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Camelids are believed to have originated in North America. From there they spread down into South America (after a land bridge connected the continents) where they are represented by llamas, alpacas, vicuñas, and guanacos. Ancient camels also left North America via land bridge to Asia. The dromedary and Bactrian camels are descended from the creatures which wandered into Beringia and then into the great arid plains of Asia. Yet in their native North America, the camelids have all died out. This strikes me as a great pity because North America’s camels were amazing and diverse!
At least seven genera of camels are known to have flourished across the continent in the era between Eocene and the early Holocene (a 40 million year history). The abstract of Jessica Harrison’s excitingly titled “Giant Camels from the Cenozoic of North America” gives a rough overview of these huge extinct beasts:
Aepycamelus was the first camel to achieve giant size and is the only one not in the subfamily Camelinae. Blancocamelus and Camelops are in the tribe Lamini, and the remaining giant camels Megatylopus, Titanotylopus, Megacamelus, Gigantocamelus, and Camelus are in the tribe Camelini.
That’s a lot of camels–and some of them were pretty crazy (and it only counts the large ones—many smaller genera proliferated across different habitats). Gigantocamelus (as one might imagine) was a behemoth weighing as much as 2,485.6 kg (5,500 lb). Aepycamelus had an elongated neck like that of a giraffe and the top of its head was 3 metres (9.8 ft) from the ground. Earlier, in the Eocene, tiny delicate camels the size of rabbits lived alongside the graceful little dawn horses. This bestiary of exotic camels received a new addition this week when paleontologists working on Ellesmere Island (in Canada’s northernmost territory, Nunavut) discovered the remains of a giant arctic camel that lived 3.5 million years ago. Based on the mummified femurs which were unearthed at the dig, the polar camel was about 30 percent larger than today’s camels. The arctic region of 3.5 million years ago was a different habitat from the icy lichen-strewn wasteland of today. The newly discovered camels probably lived in boreal forests (rather in the manner of contemporary moose) where they were surrounded by ancient horses, deer, bears and even arctic frogs! Testing of collagen in the remains has revealed that the camels are closely related to the Arabian camels of today, so these arctic camels (or camels like them) were among the invaders who left the Americas for Asia.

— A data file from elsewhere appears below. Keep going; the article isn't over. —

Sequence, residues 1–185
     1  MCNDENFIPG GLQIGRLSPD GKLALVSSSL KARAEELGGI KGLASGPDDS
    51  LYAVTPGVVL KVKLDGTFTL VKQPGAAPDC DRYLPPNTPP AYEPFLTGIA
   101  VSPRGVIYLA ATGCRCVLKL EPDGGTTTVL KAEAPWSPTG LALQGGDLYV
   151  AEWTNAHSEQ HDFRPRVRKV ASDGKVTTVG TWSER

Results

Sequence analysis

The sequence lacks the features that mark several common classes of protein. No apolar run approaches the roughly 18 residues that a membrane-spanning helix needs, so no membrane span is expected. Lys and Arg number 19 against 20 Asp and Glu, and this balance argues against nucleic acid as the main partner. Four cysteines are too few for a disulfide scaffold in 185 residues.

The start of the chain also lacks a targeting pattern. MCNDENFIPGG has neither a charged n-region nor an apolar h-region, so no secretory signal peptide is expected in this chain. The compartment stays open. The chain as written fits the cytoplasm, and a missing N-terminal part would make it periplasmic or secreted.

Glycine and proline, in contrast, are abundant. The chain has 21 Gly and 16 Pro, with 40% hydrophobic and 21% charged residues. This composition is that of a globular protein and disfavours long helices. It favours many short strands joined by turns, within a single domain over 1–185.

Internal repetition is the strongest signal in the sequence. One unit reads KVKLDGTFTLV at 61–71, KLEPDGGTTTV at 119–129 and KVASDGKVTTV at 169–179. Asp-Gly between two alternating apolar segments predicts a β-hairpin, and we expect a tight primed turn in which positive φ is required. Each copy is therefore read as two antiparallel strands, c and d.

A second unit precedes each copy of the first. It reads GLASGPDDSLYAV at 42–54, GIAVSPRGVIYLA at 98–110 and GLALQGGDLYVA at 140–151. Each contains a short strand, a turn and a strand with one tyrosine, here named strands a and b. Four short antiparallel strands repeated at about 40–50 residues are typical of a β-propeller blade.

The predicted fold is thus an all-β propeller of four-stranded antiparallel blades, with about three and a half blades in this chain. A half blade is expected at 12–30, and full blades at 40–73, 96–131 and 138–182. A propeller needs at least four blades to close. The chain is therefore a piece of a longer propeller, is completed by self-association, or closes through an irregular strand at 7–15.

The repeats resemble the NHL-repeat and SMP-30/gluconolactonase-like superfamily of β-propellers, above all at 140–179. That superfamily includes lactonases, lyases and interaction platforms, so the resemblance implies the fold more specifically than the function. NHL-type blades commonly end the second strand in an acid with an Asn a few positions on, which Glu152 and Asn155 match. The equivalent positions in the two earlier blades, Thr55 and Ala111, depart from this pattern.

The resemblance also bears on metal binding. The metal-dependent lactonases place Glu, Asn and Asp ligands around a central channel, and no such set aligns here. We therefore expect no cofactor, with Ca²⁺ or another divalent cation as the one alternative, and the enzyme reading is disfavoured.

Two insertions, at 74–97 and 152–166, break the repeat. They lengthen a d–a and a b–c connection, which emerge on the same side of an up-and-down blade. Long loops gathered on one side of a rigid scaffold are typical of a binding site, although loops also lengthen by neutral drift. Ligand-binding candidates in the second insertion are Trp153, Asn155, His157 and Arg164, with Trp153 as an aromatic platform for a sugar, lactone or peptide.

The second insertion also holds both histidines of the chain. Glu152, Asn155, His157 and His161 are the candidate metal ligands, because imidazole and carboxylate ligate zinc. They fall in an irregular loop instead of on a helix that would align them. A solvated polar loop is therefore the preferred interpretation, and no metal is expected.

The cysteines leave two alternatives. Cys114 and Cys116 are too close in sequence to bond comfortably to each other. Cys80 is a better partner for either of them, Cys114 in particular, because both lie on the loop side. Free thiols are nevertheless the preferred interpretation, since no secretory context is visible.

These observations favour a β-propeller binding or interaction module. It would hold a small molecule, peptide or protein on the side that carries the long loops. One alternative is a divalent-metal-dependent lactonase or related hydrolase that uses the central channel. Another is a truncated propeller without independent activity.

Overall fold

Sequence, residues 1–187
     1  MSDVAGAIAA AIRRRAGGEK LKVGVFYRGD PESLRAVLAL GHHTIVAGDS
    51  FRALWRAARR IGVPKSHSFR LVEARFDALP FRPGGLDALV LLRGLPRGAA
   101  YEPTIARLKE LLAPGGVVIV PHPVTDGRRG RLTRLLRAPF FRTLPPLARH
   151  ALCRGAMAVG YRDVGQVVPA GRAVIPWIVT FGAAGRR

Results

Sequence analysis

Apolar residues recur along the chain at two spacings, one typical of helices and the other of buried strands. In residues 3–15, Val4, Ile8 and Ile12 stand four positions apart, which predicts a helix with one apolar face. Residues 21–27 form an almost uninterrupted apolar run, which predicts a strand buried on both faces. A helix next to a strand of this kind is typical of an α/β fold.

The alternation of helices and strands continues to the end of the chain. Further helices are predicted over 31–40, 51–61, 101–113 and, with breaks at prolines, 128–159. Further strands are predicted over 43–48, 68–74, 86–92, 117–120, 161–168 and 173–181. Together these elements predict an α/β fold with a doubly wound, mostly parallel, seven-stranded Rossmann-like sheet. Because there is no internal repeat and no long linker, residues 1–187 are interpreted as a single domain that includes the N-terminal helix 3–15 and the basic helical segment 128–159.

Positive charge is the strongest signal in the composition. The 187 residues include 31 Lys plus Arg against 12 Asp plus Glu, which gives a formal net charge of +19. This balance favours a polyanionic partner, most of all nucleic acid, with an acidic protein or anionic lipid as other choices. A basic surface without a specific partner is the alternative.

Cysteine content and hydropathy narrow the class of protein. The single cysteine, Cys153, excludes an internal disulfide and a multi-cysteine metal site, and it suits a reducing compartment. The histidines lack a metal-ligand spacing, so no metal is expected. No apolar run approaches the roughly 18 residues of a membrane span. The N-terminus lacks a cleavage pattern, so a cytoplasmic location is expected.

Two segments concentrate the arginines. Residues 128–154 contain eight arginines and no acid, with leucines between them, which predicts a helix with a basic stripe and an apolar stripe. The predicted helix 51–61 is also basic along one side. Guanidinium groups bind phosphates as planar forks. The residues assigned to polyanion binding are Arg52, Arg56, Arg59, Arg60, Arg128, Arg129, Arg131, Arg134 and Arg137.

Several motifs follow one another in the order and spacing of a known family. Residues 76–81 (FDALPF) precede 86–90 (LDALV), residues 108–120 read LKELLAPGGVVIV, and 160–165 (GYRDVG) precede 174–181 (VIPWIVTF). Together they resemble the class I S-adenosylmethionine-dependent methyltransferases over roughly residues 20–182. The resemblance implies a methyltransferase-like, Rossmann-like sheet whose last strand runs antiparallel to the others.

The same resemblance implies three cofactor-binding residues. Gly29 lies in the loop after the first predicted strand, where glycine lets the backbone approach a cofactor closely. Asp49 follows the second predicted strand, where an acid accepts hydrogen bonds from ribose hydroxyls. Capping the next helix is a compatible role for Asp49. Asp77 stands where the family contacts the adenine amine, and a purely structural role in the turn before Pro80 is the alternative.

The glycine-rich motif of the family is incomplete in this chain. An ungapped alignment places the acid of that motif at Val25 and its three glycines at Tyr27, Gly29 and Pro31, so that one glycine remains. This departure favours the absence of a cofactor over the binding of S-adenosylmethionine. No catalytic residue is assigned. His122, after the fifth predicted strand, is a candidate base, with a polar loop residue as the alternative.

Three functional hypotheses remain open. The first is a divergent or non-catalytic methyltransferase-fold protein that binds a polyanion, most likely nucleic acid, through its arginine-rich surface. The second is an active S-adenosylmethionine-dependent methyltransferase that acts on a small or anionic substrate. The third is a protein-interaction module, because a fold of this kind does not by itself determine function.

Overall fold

The bones are a reminder of how different the fauna used to be in North America. When you look out over the empty, empty great plains, remember they are not as they should be. All sorts of camels should be running around. Unfortunately the ones that did not leave for Asia and South America were all killed by the grinding ice ages, the fell hand of man, or by unknown factors.